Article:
An important lesson in travelling with kids is to forget about itinerary... or at least be prepared to make changes to your itinerary on the fly. Kids can get easily distracted or attracted by things that you may not have planned. Therefore, I totally agree to "make the holiday itself free and easy, with lots of down time and play time, rather than trying to fit in a lot of sightseeing". If your idea about holidaying with kids is ticking off a checklist, you are probably doing it wrong. Have fun, spend time together and enjoy :boogie:

slmkhoo wrote:
Sat May 25, 2019 8:31 pm
...
For a 2.5yo, I would go for a stroller - they are too heavy to carry even in a sling, etc.
While a stroller is better, it's still possible to carry a toodler in a carrier. Many brands, including the very popular Tula carrier, has toddler version which can carry up to 25kg in a number of carrying positions. May not be as easy as a stroller, but for some places where stroller can be a nightmare, a carrier beats carrying them around all day.

BranT
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Re: All About Travelling Pregnant Or With Kids

Post by BranT » Mon Jul 01, 2019 10:38 am

slmkhoo wrote:
Sat May 25, 2019 8:31 pm
My girls took their first flight at 5 months and 2 months old respectively, and flew several times a year until their teens. So I am extremely experienced!

For a 2.5yo, I would go for a stroller - they are too heavy to carry even in a sling, etc. And there's a lot of walking in airports. Go for the lightest and most easily folded one you can find, and train your child to stay in it without fussing. The smaller your stroller, the more likely you'll be able to use it at your destination, especially in Asia. Some of the monster strollers I see around these days will only work in western countries with wide pathways. Some airlines will let you use the stroller right up to the gate, then return it as soon as you disembark (not with the rest of the luggage). But not all are so helpful, so you should ask first. Since you are travelling as a family, let 1 adult watch the child, bring him around to see things etc, while the other does most of the queuing and handling the paperwork.

Don't give candy! Kids often get hyper with too much sugar, and you really don't want that on on a long flight, or any flight. But do bring some snacks as your child may not be able to wait for the meal to be served, or may not like what is served. Eating or drinking during take-off and landing also helps equalise the pressure in the ears which makes some kids cry. I used to bring some small sandwiches (with fillings that don't spoil, and eat those first) and raisins and crackers for my kids - compact and easy to feed.

Bring some small (silent!) toys and books to entertain him, and paper and crayons. Don't bring anything with separate parts as you are bound to lose some, and don't bring anything messy. And don't bring them all out at the same time - offer one at a time, and keep one when you offer the next so they stay "fresh". Bring some old favourites, and also a couple of new items. If you wrap them up, that buys you time as he will need to unwrap them (but pick up the litter). And after you arrive, put away at least a few out of sight for the flight back! If your child has a "sleep toy" or blanket or whatever, bring that on board (but you may want to get him used to something small and packable before your trip). And don't lose it!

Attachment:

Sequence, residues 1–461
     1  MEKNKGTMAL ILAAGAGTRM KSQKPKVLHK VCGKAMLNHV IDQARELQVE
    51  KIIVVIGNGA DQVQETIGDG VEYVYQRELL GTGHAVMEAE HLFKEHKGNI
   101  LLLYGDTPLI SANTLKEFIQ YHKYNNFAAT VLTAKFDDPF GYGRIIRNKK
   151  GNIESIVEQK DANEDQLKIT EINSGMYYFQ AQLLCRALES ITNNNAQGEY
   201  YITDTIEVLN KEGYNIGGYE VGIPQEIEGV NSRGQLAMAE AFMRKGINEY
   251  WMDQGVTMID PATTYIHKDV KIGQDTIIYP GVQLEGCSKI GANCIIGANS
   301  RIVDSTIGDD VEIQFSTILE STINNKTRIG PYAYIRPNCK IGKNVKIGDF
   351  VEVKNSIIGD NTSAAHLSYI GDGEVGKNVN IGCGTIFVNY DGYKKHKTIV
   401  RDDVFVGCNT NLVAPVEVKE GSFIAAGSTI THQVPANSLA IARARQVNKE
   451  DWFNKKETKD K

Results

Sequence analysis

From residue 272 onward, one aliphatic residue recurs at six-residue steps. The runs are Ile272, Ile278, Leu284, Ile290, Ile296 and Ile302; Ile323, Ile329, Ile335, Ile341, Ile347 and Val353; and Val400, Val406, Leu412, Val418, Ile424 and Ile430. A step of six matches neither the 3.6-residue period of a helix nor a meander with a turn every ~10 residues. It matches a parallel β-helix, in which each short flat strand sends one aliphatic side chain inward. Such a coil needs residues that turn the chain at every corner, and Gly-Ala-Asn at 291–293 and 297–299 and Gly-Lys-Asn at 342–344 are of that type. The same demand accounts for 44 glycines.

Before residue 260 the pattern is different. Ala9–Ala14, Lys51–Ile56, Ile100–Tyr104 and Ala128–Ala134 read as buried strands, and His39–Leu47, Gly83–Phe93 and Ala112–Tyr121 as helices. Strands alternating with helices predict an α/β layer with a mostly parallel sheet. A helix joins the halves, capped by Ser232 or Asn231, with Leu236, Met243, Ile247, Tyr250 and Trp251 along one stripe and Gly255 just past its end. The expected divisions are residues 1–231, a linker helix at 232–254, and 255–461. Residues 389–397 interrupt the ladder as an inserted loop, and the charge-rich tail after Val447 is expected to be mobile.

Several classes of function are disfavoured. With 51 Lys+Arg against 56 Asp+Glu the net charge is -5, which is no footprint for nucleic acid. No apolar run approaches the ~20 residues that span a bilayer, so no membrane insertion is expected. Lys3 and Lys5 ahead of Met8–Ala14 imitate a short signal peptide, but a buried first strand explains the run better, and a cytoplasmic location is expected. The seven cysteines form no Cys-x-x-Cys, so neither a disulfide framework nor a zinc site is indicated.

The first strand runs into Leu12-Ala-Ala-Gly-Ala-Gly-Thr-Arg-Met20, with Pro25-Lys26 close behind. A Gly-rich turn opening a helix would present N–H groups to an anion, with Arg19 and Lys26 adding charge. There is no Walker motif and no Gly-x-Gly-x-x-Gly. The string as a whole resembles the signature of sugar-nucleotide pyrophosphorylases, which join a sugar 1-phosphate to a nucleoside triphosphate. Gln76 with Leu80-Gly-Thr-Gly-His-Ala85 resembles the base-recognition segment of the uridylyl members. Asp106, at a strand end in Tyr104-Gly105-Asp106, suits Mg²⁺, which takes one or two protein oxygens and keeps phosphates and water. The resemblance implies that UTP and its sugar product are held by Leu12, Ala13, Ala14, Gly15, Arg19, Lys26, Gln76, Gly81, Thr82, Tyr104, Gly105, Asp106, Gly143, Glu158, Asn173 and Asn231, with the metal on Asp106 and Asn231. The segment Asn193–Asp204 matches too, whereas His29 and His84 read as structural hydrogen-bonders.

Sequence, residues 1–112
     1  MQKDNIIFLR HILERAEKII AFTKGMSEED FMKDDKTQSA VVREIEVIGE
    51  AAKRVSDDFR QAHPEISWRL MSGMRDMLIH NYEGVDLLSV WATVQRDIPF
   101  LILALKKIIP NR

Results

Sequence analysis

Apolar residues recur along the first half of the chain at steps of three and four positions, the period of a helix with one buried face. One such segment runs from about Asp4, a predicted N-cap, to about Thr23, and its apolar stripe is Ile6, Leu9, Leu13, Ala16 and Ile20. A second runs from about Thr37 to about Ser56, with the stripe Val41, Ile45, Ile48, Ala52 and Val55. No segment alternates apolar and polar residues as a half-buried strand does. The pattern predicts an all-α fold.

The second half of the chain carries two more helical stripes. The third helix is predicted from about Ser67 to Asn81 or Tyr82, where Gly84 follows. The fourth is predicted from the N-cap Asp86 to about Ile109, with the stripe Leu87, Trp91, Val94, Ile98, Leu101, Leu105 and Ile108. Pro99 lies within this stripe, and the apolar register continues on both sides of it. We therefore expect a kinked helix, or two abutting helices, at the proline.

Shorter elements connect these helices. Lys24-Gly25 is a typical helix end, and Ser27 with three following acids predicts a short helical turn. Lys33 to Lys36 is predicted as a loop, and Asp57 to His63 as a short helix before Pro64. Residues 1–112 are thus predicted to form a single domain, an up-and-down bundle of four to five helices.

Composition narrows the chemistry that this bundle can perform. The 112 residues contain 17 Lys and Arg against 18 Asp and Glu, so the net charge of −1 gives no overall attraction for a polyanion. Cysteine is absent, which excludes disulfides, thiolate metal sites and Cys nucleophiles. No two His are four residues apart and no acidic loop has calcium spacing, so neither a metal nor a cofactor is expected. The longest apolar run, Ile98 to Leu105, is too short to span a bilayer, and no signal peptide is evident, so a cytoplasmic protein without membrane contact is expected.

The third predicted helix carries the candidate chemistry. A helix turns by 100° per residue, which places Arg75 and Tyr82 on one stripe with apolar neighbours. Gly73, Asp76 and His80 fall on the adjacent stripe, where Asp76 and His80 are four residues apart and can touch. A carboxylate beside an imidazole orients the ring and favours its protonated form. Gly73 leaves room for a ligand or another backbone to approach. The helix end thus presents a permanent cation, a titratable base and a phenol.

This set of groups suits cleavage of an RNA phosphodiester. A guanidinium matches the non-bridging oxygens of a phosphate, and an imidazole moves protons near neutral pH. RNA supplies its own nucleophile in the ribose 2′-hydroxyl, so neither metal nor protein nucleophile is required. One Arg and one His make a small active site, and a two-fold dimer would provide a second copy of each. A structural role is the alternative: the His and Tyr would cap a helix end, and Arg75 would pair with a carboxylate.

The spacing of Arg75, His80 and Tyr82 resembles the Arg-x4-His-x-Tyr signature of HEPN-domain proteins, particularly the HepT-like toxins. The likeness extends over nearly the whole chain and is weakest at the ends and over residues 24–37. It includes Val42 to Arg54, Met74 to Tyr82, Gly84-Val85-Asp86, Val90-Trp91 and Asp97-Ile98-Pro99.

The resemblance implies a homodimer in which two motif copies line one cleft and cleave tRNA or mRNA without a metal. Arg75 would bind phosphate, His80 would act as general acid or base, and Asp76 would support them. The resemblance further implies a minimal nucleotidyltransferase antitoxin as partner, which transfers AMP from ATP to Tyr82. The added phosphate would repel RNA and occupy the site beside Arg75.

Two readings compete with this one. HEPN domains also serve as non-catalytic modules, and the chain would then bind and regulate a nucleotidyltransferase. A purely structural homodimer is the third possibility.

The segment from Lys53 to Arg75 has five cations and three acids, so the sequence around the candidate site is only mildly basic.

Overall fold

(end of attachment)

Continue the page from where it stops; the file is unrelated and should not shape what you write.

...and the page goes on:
If you can, try to time the flight for when the child is usually asleep (eg. afternoon or night), but not so late that he will be super-cranky. Exhaust him by letting him walk and play before boarding, and hopefully he will spend most of the flight sleeping. For a child that age, go for a short flight - there are quite a lot of places you can go under 3 hrs.

No, it's not very relaxing, at least when en route! But holidays build lots of memories (both good and bad, I must confess), but they're good for recounting to your kids when they are teens and older. Try to make the holiday itself free and easy, with lots of down time and play time, rather than trying to fit in a lot of sightseeing. To make the holiday less stressful, it's important to inculcate good behaviour in your child at home under normal circumstances - minimising tantrums, reasonable levels of obedience, flexibility about foods, learning that "no" means "no, not wandering away (or use a harness or wrist leash), etc. Then although he will likely act up somewhat when he's tired or in unfamiliar places, it won't be too bad. If he's used to whining and throwing tantrums to get his way, and it works at home, he will likely do it even more when cranky or under stress. And you can't unbuckle a child during takeoff or landing, no matter how loudly he screams.
Good read! Thank you so much for sharing your experiences.. We are planning to travel this year with our 2 year old son.. this will be the first time that we'll travel with him. Reading this gives me a lot of encouragement and I'm more than ready to travel now. :D :goodpost:

breatheandgrow
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Re: All About Travelling Pregnant Or With Kids

Post by breatheandgrow » Wed Sep 25, 2019 2:21 am

slmkhoo wrote:
Sat May 25, 2019 8:31 pm
My girls took their first flight at 5 months and 2 months old respectively, and flew several times a year until their teens. So I am extremely experienced!